Star – May 29 BY CARMELA FRAGOMENI -TORSTAR NEWS SERVICE
— Burlington and Halton have had enough. They are taking the province
to court over its proposed mid-peninsula highway.
way it is being pushed through by the province is highly disrespectful
to the people of Halton," said Burlington Mayor Rob MacIsaac.
and the city say that, despite the Ministry of Transportation's_(MTO)
public meetings, their calls for more in-depth study have been virtually
ignored. The research they want includes examining other methods
of reducing traffic congestion — such as giving Hamilton full-day
GO service into Toronto — and the full environmental impact of the
Halton regional council joined forces with Burlington to take legal
action to stop the highway.
are especially concerned because Premier Ernie Eves is promising
to build the mid-peninsula in his party's election platform. They
are also concerned his government has recently introduced a bill,
Bill 25, which will exclude new highway planning from having to
undergo an environmental assessment.
effect, the municipalities are asking the MTO to go back to the
beginning and start the process over "in a way that is fair to Burlington,"
MacIsaac said. He said there are other palatable solutions for the
province, such as splitting the environmental assessment in two
— one for Burlington, and one for Hamilton and Niagara, where the
politicians favour the highway.
said Halton's move adds a great deal of strength to Burlington's
case. "I'm very pleased we're not standing alone.''
chairman Joyce Savoline said, "We've had opportunity to make comment,
but it's already after the fact (after the ministry has decided)."
were incensed the ministry first proposed the highway route through
Halton would cut across the Niagara Escarpment down through environmental
and rural lands in north Burlington to join the toll highway 407
at Walker's Line. The ministry eventually relented and added alternative
routes to study.
council, meanwhile, has already told the province it strongly supports
the proposed mid-peninsula highway. The road is predicted to spur
economic development and reduce traffic congestion, a plus for attracting
court action is disappointing for Neil Everson, executive director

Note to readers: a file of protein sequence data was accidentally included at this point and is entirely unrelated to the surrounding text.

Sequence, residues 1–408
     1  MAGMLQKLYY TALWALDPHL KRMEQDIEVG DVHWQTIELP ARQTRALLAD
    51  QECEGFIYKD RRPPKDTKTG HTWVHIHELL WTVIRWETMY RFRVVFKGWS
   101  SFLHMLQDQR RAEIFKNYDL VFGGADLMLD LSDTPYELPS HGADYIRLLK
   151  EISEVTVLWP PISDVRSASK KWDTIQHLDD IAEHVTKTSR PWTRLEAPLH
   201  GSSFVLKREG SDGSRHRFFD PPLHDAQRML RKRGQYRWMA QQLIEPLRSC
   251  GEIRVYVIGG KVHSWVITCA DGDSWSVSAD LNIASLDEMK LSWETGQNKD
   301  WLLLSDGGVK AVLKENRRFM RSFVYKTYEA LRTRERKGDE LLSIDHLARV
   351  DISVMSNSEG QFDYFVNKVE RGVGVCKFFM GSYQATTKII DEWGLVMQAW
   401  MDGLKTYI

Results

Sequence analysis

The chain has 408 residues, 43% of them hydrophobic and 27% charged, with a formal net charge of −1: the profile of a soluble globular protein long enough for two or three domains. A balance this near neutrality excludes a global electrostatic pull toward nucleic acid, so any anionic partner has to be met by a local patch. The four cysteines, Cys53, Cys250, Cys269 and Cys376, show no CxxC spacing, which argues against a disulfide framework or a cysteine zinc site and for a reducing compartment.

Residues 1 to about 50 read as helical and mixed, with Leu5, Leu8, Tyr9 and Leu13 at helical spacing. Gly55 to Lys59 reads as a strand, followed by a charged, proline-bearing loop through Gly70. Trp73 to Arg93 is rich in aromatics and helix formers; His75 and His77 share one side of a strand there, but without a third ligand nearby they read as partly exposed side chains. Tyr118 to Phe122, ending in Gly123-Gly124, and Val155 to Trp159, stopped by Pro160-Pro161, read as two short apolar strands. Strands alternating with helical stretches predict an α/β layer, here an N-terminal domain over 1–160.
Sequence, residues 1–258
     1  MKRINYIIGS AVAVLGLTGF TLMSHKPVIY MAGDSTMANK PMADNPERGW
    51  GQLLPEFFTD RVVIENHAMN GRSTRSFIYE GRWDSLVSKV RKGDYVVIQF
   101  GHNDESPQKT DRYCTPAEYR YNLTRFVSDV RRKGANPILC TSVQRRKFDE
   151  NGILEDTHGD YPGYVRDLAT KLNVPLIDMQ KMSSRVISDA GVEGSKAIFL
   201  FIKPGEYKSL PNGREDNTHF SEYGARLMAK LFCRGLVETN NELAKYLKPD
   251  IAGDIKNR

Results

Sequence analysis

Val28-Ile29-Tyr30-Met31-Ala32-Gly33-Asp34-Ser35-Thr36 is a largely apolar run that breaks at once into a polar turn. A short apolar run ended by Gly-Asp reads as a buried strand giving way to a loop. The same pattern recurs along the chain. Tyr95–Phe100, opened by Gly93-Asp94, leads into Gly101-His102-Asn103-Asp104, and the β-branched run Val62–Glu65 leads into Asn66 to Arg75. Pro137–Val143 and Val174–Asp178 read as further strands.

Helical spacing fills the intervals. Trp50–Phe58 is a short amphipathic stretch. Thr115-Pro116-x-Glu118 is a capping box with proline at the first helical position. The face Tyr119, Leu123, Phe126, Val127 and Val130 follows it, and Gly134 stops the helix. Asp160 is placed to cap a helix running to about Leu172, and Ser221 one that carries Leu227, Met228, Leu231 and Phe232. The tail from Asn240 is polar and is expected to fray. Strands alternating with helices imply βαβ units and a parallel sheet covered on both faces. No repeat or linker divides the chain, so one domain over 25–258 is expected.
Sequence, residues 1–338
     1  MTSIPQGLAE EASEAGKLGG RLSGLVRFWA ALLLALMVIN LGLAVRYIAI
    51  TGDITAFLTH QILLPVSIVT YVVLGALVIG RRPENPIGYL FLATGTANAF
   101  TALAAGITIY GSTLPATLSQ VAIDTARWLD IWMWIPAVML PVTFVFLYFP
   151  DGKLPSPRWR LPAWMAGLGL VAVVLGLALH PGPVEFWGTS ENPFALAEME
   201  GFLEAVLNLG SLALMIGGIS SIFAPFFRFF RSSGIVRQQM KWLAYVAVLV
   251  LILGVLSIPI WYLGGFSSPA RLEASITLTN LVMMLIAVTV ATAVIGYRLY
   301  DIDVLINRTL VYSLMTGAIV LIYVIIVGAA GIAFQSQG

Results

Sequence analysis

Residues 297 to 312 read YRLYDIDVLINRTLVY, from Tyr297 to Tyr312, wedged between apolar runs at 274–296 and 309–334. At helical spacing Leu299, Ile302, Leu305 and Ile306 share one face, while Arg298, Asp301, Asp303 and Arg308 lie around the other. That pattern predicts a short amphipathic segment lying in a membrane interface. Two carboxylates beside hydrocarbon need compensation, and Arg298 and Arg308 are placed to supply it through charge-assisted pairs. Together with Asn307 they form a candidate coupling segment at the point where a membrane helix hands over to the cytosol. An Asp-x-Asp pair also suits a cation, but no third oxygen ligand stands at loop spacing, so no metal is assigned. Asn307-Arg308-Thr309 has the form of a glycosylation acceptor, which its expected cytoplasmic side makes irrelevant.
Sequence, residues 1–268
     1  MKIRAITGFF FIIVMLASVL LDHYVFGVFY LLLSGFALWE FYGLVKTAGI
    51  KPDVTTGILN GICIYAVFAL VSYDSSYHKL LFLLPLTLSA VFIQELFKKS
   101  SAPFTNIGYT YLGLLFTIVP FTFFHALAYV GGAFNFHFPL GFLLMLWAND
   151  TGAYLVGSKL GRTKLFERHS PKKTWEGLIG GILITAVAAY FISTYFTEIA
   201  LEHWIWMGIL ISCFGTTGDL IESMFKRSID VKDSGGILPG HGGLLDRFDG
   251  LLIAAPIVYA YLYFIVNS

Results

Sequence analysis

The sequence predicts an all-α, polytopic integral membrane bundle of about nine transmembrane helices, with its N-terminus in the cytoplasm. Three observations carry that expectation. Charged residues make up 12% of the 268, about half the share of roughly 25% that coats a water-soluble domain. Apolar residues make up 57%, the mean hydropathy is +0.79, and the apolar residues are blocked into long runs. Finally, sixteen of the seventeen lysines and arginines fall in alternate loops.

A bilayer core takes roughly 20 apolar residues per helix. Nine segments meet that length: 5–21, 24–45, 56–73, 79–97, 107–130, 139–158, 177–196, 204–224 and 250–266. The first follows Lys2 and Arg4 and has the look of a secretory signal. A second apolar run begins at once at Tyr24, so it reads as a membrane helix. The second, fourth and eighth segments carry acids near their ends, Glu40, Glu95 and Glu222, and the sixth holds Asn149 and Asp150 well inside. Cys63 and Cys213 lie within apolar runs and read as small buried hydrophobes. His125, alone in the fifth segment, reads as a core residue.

of Hamilton's economic development department.
will delay it," he said._"From an economic development perspective,
we think the highway is very important... we'd like to see it built
sooner than later."
Creek councillor Larry Di Ianni understands the concerns in Burlington
and Halton, but says, "I just hope we don't end up in an expensive
legal wrangle over process... We all know from bitter experience
(with the Red Hill Expressway) that if you don't get the process
right from the start, it will really draw out."
and Halton say their portion of the highway was an afterthought
and they weren't consulted when the MTO was studying whether the
highway is needed.
Ianni said the process for getting the Red Hill approved was a long
and exasperating 50 years. He hopes legal action prompt the province
to take real action on route concerns.
Bill Kelly sympathizes.
have some serious questions about process and their input being
said Hamilton, despite endorsing the highway, has similar concerns
from Flamborough and Waterdown.
he said the mid-pen "is something we desperately need... It's one
of the key components to our economic development strategy."
and Halton's legal action requests a court order prohibiting the
Ministry of the Environment from approving the MTO's terms of reference
for an environmental assessment.
assessment now concentrates studies on the best routes for the proposed
$1.5-billion highway between Fort Erie and Burlington.
MTO is seeking a "scoped" environmental assessment (EA) in its next
step toward getting the highway approved. A scoped assessment would
look for the best routes that least harm the environment. A full
assessment, which is what Burlington and Halton want, takes much
longer and is more involved, but would examine all options, including
improved transit and rail travel.
said the two councils are most concerned the ministry is leaving
out key elements in evaluating the need for the highway and its
are not looking at enhanced public transit as part of the solution
(to gridlock) here. It could negate the need for the highway.
concern is about the process MTO followed. It is flawed and has
been completely unfair, particularly in Burlington."
ministers' offices of the MTO and MOE would not comment.
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